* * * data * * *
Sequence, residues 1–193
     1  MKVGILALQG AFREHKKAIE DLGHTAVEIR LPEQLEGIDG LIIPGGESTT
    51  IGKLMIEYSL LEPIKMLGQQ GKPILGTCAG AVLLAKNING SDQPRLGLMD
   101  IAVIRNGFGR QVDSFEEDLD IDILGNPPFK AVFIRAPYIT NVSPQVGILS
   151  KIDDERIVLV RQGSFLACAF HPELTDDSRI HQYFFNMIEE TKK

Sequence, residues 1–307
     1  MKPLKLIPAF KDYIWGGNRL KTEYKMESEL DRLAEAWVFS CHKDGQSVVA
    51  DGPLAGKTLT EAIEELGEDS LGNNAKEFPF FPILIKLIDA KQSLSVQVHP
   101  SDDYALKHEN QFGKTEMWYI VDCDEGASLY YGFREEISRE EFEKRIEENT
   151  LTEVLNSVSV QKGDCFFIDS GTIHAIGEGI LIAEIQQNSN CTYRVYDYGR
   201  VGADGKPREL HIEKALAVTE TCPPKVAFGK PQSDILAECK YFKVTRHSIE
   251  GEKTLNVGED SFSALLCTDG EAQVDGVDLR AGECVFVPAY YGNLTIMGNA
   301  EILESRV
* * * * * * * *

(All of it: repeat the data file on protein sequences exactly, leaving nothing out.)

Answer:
Sequence, residues 1–193
     1  MKVGILALQG AFREHKKAIE DLGHTAVEIR LPEQLEGIDG LIIPGGESTT
    51  IGKLMIEYSL LEPIKMLGQQ GKPILGTCAG AVLLAKNING SDQPRLGLMD
   101  IAVIRNGFGR QVDSFEEDLD IDILGNPPFK AVFIRAPYIT NVSPQVGILS
   151  KIDDERIVLV RQGSFLACAF HPELTDDSRI HQYFFNMIEE TKK

Sequence, residues 1–307
     1  MKPLKLIPAF KDYIWGGNRL KTEYKMESEL DRLAEAWVFS CHKDGQSVVA
    51  DGPLAGKTLT EAIEELGEDS LGNNAKEFPF FPILIKLIDA KQSLSVQVHP
   101  SDDYALKHEN QFGKTEMWYI VDCDEGASLY YGFREEISRE EFEKRIEENT
   151  LTEVLNSVSV QKGDCFFIDS GTIHAIGEGI LIAEIQQNSN CTYRVYDYGR
   201  VGADGKPREL HIEKALAVTE TCPPKVAFGK PQSDILAECK YFKVTRHSIE
   251  GEKTLNVGED SFSALLCTDG EAQVDGVDLR AGECVFVPAY YGNLTIMGNA
   301  EILESRV